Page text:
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CNIL sets rules for biometric employee time and attendance systems in France


France’s Commission nationale de l’informatique et des libertés (CNIL) has published regulations for companies using employee’s biometrics, requiring the use of the technology to be justified to the CNIL, “rigorous” security measures to protect biometric data, and a GDPR data protection impact assessment to be conducted.

The French Data Protection Act has required businesses to obtain approval from the CNIL for deploying biometrics to track employees, and the regulator issued a fine of €10,000 last September to a company that had failed to do so.

The CNIL launched public consultation on the draft of the regulations around the same time, amid a legal shift that includes GDPR but also legislative changes to French computer law made in recognition of the popularity and utility of biometric access control.

The regulation allows morphological biometrics, such as fingerprints, vein patterns, or iris scans, but not biological modalities, such as blood or DNA matching, or behavioral biometrics, following the definitions included in GDPR. Justifying the deployment of biometrics to CNIL will require identifying a specific context that requires a high degree of security, and demonstrating the inadequacy of “less intrusive means” to do so. Employee consent is not required.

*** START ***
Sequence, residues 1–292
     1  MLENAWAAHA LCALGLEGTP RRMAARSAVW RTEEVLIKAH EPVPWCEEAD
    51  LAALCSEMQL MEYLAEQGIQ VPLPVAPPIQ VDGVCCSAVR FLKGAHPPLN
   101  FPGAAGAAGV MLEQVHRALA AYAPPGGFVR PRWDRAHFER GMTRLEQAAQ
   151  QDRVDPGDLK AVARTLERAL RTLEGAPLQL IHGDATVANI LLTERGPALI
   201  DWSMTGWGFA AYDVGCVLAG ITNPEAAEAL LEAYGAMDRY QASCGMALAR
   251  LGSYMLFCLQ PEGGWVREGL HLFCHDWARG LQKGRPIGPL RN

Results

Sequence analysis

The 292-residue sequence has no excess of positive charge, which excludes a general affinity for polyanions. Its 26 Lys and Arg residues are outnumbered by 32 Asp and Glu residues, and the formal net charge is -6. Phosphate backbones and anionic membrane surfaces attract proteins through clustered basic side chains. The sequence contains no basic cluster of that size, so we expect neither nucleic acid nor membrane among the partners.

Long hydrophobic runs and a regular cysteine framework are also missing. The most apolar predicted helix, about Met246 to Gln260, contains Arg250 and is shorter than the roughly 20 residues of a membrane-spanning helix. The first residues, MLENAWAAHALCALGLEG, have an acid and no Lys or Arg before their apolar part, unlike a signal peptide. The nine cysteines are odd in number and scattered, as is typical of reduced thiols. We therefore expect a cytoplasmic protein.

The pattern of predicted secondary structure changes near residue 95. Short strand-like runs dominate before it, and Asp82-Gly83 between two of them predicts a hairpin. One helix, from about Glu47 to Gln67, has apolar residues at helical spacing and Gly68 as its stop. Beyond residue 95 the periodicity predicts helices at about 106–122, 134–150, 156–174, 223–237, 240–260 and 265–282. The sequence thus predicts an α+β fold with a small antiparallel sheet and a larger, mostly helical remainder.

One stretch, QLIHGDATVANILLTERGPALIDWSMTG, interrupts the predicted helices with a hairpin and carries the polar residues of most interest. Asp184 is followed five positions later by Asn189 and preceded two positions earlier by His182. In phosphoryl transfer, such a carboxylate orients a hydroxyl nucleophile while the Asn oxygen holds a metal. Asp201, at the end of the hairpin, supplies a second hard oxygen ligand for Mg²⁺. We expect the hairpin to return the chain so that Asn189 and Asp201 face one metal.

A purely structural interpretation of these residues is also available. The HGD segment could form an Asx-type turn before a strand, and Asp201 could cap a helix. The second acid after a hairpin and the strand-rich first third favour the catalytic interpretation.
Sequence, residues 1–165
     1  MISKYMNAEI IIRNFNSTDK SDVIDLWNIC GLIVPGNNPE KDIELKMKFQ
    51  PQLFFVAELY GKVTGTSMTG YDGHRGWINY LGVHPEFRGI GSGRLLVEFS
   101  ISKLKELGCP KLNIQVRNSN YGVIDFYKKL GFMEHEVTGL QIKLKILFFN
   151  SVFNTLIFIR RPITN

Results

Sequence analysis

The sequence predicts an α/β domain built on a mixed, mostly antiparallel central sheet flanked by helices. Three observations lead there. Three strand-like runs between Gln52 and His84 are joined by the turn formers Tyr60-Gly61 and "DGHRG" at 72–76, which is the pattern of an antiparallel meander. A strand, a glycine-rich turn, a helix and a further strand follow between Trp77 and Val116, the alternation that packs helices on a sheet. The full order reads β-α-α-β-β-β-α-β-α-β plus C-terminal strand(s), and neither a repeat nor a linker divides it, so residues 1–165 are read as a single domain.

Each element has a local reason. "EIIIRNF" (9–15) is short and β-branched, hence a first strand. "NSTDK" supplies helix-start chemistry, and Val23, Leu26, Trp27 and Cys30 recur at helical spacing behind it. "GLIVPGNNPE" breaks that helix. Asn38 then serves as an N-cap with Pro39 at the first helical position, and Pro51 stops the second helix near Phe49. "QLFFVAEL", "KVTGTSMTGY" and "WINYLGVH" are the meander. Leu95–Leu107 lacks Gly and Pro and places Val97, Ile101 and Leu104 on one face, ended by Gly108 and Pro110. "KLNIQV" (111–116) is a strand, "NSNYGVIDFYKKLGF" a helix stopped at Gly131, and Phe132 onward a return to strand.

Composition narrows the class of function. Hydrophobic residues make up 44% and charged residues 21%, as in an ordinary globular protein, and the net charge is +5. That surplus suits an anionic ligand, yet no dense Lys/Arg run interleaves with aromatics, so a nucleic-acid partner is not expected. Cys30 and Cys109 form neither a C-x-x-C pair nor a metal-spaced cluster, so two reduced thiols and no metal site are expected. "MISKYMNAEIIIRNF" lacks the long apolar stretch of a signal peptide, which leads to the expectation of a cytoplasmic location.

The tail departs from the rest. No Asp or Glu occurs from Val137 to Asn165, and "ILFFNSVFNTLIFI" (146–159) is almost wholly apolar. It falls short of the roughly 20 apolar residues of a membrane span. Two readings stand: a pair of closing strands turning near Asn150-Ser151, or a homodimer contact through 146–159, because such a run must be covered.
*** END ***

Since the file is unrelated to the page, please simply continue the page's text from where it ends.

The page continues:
This latter point marks a major departure from Illinois’ BIPA, which has generated hundreds of law suits on the basis of alleged violations of informed consent process rules.

The regulations apply to private and public sector employers alike, according to an FAQ accompanying the announcement, while third parties designing and installing biometric systems will be considered subcontractors under GDPR. This means the employer organization is considered the system’s controller and is responsible for ensuring the subcontractor meets the regulatory requirements.

Liisa Thomas of Sheppard Mullin Richter & Hampton LLP advises in a blog post to Lexology that business using biometrics should anticipate the possibility of other countries following France’s lead.

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